Getting Started with Paid Media Advertising

Paid media advertising is a branch of digital marketing that enables brands to promote their products and services on popular online platforms using paid ads.

Platforms and networks charge for each click on a paid ad, which is why the advertising model is also known as pay-per-click (PPC).

PPC is a complex digital marketing technique involving clear goals and strategies, dedicated budgets, segmented audiences, and the like, which is why we’ve put together a short guide to help you understand PPC and its various components.


What is the PPC model?

Online users typically use search engines to investigate purchases before buying. They do this using the world’s most popular search engine platforms: Google (in the West), Baidu (in the East), YouTube, Amazon, Facebook, and Bing. To indicate these platforms’ size and reach, look at Google alone, which enjoys over four billion users of its services, accessing over 100,000,000 GB of indexed data.

Paid media advertising enables Google, Facebook, and these other search engines to monetize their offerings and services (like search) by charging businesses for placements of ads, sponsorships, or branded media on their platforms.


The big goal of PPC is lead generation

Why do brands invest in PPC? The quick answer is to increase awareness, traffic and generate more customers. Today, search engines are key lead generation drivers because the technology underpinning these platforms makes it quicker and easier than ever before for humans to find exactly what they’re looking for online.


PPC in action

If you’ve ever consumed online content and clicked on an ad vying for your attention and enticing you to buy, you’ve already interacted with paid media.

Let’s demonstrate this with a real-world example: Pretend you’re a small brand that makes vegan shoes and you want to check out the competition. If you type the words “vegan men shoes” into Google Search, you’ll find a host of search engine results that look like the image on the right. >>

In the outlined area, you can clearly see product ads for vegan shoes displayed by Google in response to a search query for these products. Below are text ads.


These ads are paid media in action

They’re working hard for brands in the nascent vegan shoe market, a burgeoning sector given how important the climate has become to people. Every time a new customer clicks on the vegan shoe brand’s ad and sends a prospective customer to their website, the company will have to pay Google a fee for directing this traffic to them. This fee model is called pay-per-click (PPC), where you pay every time a user actually clicks on your ad. Other payment models include cost-per-mille (CPM) or cost-per-impression, where you only pay after your ad reaches one thousand impressions.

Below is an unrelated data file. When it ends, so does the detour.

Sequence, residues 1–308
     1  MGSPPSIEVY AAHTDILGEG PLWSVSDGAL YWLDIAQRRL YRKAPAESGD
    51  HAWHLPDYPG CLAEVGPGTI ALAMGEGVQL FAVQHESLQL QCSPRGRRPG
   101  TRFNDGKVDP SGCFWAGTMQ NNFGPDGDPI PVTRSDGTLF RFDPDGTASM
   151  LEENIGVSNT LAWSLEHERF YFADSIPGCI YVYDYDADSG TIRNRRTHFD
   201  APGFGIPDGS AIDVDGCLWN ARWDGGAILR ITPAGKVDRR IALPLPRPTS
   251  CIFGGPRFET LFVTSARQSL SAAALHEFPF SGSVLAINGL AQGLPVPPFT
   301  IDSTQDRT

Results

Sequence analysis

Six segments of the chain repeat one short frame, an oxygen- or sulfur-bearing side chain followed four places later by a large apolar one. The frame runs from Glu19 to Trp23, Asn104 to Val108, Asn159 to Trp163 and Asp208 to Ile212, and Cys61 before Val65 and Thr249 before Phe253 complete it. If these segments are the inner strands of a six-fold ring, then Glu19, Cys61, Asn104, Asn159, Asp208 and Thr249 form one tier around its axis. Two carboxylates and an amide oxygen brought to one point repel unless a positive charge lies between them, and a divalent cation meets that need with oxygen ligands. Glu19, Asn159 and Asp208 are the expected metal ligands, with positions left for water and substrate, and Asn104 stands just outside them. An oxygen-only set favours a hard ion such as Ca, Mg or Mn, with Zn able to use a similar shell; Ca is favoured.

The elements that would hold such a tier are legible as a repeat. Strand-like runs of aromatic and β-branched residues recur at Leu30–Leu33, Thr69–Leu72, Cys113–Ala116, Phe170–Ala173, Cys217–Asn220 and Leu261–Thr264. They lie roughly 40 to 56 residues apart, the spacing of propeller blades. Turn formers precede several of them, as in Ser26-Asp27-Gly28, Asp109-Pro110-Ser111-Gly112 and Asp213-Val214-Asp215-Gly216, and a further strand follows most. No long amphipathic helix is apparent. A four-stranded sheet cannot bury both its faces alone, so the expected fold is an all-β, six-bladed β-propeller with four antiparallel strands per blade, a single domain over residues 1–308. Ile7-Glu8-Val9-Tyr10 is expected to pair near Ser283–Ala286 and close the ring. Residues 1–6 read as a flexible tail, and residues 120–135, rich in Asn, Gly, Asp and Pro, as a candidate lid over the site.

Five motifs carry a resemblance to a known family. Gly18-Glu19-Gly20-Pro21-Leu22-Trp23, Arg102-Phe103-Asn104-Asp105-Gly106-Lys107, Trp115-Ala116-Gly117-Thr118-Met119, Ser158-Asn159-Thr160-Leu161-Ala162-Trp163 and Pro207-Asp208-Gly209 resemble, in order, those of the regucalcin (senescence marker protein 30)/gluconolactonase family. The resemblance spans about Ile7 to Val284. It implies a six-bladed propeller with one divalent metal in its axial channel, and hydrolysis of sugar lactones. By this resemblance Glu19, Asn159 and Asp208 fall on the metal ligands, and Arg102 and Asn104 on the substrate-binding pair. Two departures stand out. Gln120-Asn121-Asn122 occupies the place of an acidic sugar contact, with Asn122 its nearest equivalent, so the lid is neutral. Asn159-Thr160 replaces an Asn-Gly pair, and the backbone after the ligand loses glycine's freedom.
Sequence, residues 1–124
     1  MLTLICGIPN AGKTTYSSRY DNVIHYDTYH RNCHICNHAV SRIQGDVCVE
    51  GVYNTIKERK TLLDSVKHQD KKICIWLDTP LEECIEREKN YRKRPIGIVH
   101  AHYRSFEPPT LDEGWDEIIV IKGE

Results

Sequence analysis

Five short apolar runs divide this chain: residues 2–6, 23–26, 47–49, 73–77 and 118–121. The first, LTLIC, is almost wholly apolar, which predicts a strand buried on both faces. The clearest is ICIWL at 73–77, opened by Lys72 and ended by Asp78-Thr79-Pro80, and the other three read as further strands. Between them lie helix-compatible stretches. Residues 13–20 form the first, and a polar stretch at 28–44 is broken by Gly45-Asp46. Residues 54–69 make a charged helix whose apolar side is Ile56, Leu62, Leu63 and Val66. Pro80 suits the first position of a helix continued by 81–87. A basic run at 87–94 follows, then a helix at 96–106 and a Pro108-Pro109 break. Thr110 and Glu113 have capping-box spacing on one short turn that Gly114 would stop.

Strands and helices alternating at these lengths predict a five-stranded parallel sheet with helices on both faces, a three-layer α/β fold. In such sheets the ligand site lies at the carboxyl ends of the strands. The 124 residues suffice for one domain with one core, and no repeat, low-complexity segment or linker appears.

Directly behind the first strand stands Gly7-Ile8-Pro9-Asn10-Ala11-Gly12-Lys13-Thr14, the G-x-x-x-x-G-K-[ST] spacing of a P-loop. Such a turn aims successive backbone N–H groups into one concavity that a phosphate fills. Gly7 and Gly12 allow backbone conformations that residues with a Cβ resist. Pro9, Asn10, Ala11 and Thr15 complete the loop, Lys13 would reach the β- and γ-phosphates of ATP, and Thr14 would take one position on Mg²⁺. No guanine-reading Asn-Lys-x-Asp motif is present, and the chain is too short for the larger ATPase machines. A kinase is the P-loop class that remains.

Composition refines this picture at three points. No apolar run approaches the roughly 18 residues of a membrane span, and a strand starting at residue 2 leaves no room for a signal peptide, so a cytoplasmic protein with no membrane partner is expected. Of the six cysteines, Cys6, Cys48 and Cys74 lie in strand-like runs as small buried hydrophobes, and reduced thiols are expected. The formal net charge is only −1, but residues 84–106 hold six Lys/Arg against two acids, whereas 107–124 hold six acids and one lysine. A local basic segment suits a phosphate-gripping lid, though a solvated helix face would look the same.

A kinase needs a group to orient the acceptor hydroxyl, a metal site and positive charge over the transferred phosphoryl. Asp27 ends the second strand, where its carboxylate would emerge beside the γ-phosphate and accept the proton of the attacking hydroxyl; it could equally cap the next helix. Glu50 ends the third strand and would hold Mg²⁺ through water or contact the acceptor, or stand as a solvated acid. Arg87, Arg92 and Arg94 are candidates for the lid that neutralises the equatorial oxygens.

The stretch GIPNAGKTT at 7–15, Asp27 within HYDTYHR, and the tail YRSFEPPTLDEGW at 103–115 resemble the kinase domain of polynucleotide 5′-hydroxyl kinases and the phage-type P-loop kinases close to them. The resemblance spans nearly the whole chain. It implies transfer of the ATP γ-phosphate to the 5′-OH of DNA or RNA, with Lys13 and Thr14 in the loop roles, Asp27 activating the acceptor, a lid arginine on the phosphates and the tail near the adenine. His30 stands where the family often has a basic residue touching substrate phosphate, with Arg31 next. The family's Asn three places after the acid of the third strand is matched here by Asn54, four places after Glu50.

How much you eventually spend on each click on your PPC ads is determined by cost-per-click (CPC) — or cost per tap if using Apple Search Ads. CPC is calculated by dividing the total amount spent on your paid ad by the total number of clicks it received.




Key PPC components

What makes an effective PPC campaign? There are some key components to be considered when building out a successful paid media strategy.

These are:


  • Keywords
  • Ads and landing pages
  • Budget and bids
  • Targetted audiences
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Keywords are the cornerstone of paid marketing success

Successful search marketing is centered on a pivotal concept — keywords. When you go online to buy a product or service, invariably, you’ll head over to Google, Bing, or a similar platform and key in several words that represent a search. These phrases, or units of language, are called keywords.

The better your understanding and execution of keywords, the better your search results. Ultimately this is a dynamic practice of continual improvement.

A good keyword strategy is iterative; search marketing success depends on continually improving the ecosystems of keywords that your brands, products, and services use for digital marketing.

Choosing the most effective PPC keywords

But the big question is, how do you get great keywords to begin with? The detailed answer is customer surveys, competitor research, industry trends, and careful use of the right technology, like keyword tools or generators.

A general principle is that customers who are new to your brand or category search for it using single keywords or short generic phrases. The more the customer knows about your brand or category, the more detailed and exacting the search phrases can become.


Remember to use long-tail keywords

Let’s use the vegan shoe example to explain. When climate-conscious style icons search during the awareness stage, they’re more likely to key in “vegan shoes.” But as these consumers search online, they grow their brand and category knowledge, and their searches become more sophisticated.

People also chat with friends and colleagues and engage in word-of-mouth to confirm purchases. As a customer’s understanding of a product, brand, or category grows, so do the keyword strings.

With the vegan shoe example, long-tail keywords could evolve to include: “Adidas vegan shoes biodegradable fungi-based leather alternative Bolt Threads.”

In short, the deeper down the sales funnel your customers are, the more likely they are to use these complex, specialized search terms.


A summary of what impacts keyword success: